Jarrad Aguirre ’09 found himself drawn to the sciences from an early age, always seeking to “explore the world” around him and find his relationship with it. A Molecular, Cellular, and Developmental Biology major, Aguirre was one of thirty-two American winners to be awarded the Rhodes Scholarship, the oldest and most prestigious fellowship that brings students from all over the world to study at the University of Oxford in England.
Throughout his college career, Aguirre has conducted research that has allowed him to “find an outlet” for his interests in neuroscience and the disparities in global health care.
As an intern at Stanford University in 2006, he studied the formation of neuromuscular junctions – the location where motor nerves connect to muscles (and a common site of muscular disorders). Specifically, he investigated the role of receptor formation and its effect on the neuromuscular junctions in zebrafish embryos by developing new staining and imaging procedures. For this work, Aguirre won the “Poster Presentation Award” at the Annual Biomedical Research Conference for Minority Students.
The summer before his junior year, Aguirre conducted independent research on indigenous medical practices in Peru, aiming to see how each community practiced medicine. “I conducted interviews with the medicine men and women, community leaders, and local politicians to investigate the Peruvian healthcare system,” he explained. After returning from his trip, he arranged a photo exhibit at Yale showing the struggles of the indigenous cultures to maintain their cultural and medical practices.
Then, in the summer of 2008, Aguirre pursued quite a different line of work, researching the diseases that trigger memory loss. As an intern at the Memory Disorders Clinic in Buenos Aires, Argentina, he examined the “delivery of care to patients with dementia in a resource-poor neighborhood” while running tests that check the severity of the dementia and disease progression.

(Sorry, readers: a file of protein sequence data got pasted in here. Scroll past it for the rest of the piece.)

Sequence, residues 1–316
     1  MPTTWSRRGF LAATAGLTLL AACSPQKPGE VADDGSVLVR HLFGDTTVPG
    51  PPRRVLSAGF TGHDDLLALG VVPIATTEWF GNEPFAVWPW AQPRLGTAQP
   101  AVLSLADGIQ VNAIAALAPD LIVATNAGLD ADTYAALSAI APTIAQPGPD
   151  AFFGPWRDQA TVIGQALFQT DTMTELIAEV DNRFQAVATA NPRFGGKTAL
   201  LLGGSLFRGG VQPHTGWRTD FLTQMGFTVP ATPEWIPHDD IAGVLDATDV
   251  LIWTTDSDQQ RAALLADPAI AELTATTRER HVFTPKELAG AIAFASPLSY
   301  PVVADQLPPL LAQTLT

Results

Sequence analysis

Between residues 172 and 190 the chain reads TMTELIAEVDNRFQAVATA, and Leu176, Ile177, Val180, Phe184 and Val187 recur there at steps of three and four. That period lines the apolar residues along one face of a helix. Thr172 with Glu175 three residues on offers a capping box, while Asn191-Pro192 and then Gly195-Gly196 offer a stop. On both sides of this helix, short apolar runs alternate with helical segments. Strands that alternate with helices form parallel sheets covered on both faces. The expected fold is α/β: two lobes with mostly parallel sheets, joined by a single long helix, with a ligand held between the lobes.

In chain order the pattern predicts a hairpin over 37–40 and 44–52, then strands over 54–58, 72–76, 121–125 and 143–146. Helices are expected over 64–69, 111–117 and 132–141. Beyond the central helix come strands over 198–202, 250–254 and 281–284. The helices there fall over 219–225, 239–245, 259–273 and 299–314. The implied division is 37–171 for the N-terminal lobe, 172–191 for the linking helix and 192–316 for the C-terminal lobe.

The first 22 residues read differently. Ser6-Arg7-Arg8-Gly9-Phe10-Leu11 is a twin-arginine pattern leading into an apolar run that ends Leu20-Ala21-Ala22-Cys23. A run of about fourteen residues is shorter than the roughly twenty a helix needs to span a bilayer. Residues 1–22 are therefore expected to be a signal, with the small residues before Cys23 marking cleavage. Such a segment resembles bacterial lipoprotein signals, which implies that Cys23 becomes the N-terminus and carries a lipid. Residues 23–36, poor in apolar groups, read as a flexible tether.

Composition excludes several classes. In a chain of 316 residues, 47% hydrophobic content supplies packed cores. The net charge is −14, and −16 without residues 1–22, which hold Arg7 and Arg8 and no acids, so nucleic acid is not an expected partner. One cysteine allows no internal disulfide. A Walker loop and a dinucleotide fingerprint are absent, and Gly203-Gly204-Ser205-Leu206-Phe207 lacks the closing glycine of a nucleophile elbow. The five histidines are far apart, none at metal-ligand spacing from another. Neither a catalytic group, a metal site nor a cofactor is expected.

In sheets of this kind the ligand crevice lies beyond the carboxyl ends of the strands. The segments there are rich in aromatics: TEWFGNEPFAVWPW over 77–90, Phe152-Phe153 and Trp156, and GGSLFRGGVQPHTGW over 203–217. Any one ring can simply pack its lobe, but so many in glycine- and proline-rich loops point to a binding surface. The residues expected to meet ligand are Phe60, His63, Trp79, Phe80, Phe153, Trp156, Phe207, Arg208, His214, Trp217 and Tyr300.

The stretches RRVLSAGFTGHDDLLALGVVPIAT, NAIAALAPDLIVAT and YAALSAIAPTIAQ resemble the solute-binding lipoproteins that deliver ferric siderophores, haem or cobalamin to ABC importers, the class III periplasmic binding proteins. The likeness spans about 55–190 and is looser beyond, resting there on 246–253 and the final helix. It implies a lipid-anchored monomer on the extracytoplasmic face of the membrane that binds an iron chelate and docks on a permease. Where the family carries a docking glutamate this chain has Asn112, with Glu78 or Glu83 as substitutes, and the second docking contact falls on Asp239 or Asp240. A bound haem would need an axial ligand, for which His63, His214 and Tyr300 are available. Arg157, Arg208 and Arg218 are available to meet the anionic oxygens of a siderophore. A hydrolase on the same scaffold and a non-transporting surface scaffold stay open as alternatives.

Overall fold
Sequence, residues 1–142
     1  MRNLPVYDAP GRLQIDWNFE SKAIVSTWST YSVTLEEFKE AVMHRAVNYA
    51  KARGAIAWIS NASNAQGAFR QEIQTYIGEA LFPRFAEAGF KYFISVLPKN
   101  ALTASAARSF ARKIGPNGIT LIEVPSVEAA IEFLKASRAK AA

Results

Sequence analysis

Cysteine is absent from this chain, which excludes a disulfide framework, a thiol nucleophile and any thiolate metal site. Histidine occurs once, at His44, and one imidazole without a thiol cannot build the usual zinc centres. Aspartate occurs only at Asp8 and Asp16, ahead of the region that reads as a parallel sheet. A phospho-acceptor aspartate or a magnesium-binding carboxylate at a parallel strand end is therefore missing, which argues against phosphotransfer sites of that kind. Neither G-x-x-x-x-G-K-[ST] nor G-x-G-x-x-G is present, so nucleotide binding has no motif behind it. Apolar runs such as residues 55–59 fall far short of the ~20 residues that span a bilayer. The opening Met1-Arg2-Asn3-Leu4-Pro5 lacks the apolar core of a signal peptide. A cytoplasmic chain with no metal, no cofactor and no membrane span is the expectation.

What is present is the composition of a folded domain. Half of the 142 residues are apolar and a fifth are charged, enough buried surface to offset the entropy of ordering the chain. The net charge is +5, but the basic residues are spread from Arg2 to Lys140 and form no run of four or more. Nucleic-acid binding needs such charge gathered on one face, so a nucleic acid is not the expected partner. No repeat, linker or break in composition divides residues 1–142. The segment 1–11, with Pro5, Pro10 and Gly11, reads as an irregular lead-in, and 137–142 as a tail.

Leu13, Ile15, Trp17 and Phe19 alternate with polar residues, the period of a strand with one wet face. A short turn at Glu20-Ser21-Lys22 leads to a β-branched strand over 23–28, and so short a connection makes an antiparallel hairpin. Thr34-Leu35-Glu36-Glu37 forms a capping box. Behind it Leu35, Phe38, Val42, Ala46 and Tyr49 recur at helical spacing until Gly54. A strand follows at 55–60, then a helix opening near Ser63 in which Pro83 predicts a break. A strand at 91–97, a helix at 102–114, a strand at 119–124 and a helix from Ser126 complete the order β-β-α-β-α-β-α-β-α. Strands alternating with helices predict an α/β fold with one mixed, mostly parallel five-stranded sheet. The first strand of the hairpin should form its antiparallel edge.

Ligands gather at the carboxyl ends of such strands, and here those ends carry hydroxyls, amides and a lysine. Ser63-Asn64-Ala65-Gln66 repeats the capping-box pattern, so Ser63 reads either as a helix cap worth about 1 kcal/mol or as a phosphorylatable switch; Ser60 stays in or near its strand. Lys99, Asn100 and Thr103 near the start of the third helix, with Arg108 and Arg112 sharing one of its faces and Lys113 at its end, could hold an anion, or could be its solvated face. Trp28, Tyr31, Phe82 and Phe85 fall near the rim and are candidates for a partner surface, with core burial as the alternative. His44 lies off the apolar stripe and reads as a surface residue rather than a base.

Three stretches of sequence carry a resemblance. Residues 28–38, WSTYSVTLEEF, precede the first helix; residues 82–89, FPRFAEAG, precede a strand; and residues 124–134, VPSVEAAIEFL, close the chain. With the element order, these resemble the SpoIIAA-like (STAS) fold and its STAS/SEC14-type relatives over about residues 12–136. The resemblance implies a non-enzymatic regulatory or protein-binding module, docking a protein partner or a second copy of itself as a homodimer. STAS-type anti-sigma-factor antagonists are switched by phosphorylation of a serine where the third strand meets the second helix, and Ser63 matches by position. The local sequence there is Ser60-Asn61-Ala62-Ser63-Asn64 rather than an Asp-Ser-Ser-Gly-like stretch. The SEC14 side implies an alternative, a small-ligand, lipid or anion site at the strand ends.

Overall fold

In addition to working in Argentina, Aguirre researched Alzheimer’s disease at the Massachusetts Institute of Technology under the guidance of Li-Huei Tsai at the Picower Institute for Learning and Memory. He examined the binding interactions of a molecule called cyclin-dependent kinase 5 (Cdk5) in synaptic plasticity and memory processes.
With an extensive history of research and interactions with the global health community, Aguirre was an ideal Rhodes Scholar candidate. His many contributions, however, have not excluded Yale’s own campus. As a sophomore, Aguirre founded MAS (Math and Science) Familias, a mentorship program that supports Latino undergraduate students interested in math and science by introducing them to upperclassmen peers.
“Many of my friends were struggling and dropping science and math courses; by creating a network and organizing talks and panels, these students had support behind their endeavors,” Aguirre said.
He is also the co-founder and president of YNepal, a service organization that organizes trips to orphanages in Kathmandu and holds events on campus to raise awareness about these orphanages. He is the former captain of the Yale Club Hockey Team, and he has spent his senior year as a freshman counselor in Davenport College.
At Oxford, Aguirre will complete an MSc in Medical Anthropology, after which he plans to attend medical school. He looks forward to an opportunity to “broaden [his] interests and gain compelling experiences.”
And we look forward to saying we knew him when.